The Covid-19 pandemic led to an unprecedented level of demand on the nurses, midwives and nursing associates that we regulate.
At the start of the pandemic, we reduced contact with healthcare professionals to make sure they could concentrate on caring for people affected by Covid-19. We did, however, continue contacting frontline healthcare professionals where it's essential for immediate risk management.
Since July 2020, we've gradually increased our contact with healthcare professionals. We know that we need to keep the status of the pandemic under constant review and be sensitive to local situations.
Raising a concern about a nurse, midwife or nursing associate
If you have a concern about a nurse, midwife or nursing associate, it's always good idea to start by getting in touch with their employer first.
Raise a concern about a nurse, midwwife or nursing associate on the temporary register
Making a referral about a nurse, midwife or nursing associate will be different if they're on the Covid-19 temporary register or the permanent register.
If you do have a concern where we might need to take immediate action, please contact us as soon as you can.
Examples of concerns we want to know about immediately include:
- serious or repeated mistakes in patient care
- violence, sexual assault or indecency
- abuse of professional position, e.g. an improper sexual relationship with a patient
Our Emotional Support Telephone Line is still open 24/7. It's available for patients, families and anyone else involved in a fitness to practise case.
You can call them on 0300 303 3731 or visit Victim Support
Cases opened before the Covid-19 pandemic
We often need information from healthcare organisations and professionals to help us decide the outcome of a case.
At the start of the pandemic, we reduced our contact with healthcare organisations to make sure they could concentrate on caring for those affected by the pandemic which meant some cases progressed slower than usual.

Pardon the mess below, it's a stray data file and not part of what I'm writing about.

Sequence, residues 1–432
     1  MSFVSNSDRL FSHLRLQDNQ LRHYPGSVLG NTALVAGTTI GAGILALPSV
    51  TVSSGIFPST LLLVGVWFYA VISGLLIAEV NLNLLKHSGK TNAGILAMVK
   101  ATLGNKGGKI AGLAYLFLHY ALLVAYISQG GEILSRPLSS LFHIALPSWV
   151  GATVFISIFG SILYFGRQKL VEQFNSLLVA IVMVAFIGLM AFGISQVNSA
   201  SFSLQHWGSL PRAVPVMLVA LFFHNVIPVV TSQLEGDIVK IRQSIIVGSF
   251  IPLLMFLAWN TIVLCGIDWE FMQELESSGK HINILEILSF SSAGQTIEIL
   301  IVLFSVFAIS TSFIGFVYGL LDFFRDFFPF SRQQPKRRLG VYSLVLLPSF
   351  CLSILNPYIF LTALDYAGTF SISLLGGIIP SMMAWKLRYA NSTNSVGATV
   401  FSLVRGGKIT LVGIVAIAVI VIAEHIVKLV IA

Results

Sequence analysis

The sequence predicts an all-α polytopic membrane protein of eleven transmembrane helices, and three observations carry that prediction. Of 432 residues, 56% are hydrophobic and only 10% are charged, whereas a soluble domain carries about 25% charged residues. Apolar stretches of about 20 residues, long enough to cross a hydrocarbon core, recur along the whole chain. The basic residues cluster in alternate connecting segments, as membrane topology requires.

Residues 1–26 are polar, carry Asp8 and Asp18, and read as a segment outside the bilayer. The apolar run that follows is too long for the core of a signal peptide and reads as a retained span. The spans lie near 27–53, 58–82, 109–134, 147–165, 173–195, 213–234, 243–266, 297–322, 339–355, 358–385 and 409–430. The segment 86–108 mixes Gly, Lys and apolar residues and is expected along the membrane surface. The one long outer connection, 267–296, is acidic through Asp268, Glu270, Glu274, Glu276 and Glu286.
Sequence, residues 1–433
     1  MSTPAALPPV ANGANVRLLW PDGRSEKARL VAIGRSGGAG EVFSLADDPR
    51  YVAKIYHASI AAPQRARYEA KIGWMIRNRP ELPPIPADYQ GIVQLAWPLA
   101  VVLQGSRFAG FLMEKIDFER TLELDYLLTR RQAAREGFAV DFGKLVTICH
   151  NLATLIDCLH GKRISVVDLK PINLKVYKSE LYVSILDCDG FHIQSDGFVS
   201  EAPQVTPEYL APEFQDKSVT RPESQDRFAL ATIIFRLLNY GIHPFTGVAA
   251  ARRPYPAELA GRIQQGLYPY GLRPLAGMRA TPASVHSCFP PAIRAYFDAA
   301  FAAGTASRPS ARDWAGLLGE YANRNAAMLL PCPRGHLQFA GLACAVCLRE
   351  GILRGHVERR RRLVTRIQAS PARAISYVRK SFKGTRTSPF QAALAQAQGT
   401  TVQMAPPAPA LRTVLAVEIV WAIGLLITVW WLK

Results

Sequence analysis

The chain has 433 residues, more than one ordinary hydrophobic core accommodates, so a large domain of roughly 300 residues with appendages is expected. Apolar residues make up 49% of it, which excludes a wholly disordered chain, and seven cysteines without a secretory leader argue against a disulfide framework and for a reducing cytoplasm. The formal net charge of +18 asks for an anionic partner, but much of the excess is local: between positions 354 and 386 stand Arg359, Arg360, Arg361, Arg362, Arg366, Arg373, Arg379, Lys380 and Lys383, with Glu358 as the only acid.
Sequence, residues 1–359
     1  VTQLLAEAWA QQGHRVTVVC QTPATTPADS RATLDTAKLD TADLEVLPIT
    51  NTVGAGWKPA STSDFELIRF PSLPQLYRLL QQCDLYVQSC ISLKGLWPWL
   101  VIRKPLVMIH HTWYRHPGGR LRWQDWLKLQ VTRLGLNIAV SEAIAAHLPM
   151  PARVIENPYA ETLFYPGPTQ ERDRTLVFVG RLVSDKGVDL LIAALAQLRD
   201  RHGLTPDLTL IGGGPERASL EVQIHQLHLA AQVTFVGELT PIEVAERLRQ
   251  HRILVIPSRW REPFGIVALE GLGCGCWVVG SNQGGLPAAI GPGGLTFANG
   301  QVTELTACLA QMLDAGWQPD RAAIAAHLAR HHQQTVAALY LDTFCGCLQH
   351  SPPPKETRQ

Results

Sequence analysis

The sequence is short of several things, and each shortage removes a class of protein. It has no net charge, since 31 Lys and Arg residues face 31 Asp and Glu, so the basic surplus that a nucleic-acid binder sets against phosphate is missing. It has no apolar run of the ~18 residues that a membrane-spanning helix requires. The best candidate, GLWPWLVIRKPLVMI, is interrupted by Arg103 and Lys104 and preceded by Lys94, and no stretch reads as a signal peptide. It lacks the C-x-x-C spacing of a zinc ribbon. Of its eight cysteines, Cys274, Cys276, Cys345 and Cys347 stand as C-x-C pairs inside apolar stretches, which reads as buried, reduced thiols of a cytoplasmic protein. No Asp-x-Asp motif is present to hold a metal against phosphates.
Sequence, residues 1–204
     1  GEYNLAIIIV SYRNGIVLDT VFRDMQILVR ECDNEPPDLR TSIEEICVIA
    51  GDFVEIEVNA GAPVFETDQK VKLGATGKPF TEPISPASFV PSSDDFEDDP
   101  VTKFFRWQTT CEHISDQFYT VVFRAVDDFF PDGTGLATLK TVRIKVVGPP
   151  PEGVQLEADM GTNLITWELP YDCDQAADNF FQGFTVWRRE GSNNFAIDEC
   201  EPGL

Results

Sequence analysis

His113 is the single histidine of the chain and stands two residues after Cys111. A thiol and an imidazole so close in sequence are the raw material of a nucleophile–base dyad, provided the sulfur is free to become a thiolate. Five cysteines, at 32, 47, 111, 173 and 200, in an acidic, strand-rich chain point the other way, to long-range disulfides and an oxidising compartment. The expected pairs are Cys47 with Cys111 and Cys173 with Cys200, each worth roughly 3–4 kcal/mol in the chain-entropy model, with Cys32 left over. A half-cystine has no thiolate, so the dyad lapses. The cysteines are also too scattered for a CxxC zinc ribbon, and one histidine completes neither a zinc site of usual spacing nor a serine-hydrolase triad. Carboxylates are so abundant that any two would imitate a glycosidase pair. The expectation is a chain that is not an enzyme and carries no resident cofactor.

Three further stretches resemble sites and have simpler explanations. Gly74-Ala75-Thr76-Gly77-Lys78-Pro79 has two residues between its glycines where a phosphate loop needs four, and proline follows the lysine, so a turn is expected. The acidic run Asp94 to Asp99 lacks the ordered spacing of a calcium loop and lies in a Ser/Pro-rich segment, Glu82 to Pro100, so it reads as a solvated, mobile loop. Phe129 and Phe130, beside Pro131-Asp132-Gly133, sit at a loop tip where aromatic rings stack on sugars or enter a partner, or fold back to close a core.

However, since July 2021, we resumed contact with organisations that told us they were in a position to help us with our enquiries.
If you’re still waiting on a decision you can request an update from your case officer.
Attending a hearing during the Covid-19 pandemic
Our hearings are now being held both physically and virtually, and in some cases a mixture of both.
Observing a hearing
When hearings are conducted virtually it's not be possible for members of the public to observe hearings in the usual way.
We're instead able to make arrangements for audio access for those who wish to listen in to a virtual hearing. But we might have to limit the number of observers attending our virtual hearings so that we can make sure the hearing runs smoothly.
When we have to do this we will of course prioritise family members of others affected by a particular case.
All observers must agree to comply with our requirements in order to be granted audio access and should only have others present with them where we have those people’s names and where they have also confirmed with us that they comply with our requirements.
Given the limited capacity for observers, those wishing to observe our hearings must contact us, so that we can see whether attendance can be accommodated.
Whether attending virtually or in person, observers must not record hearings.
We might allow video access to our hearings from an observer’s own private setting. In order to decide whether to allow this, we may ask you why you can’t attend a hearings centre and why audio access would cause you difficulties. If we decide to grant video access from a private setting, you’ll need to give us your contact details and social media identities.
The rules relating to when a hearing should be held in public or private continue to apply to all types of hearings.
If we are holding the hearing at one of our hearings centres or external venue, you can request to watch the hearing in person, provided there are no travel restrictions in place.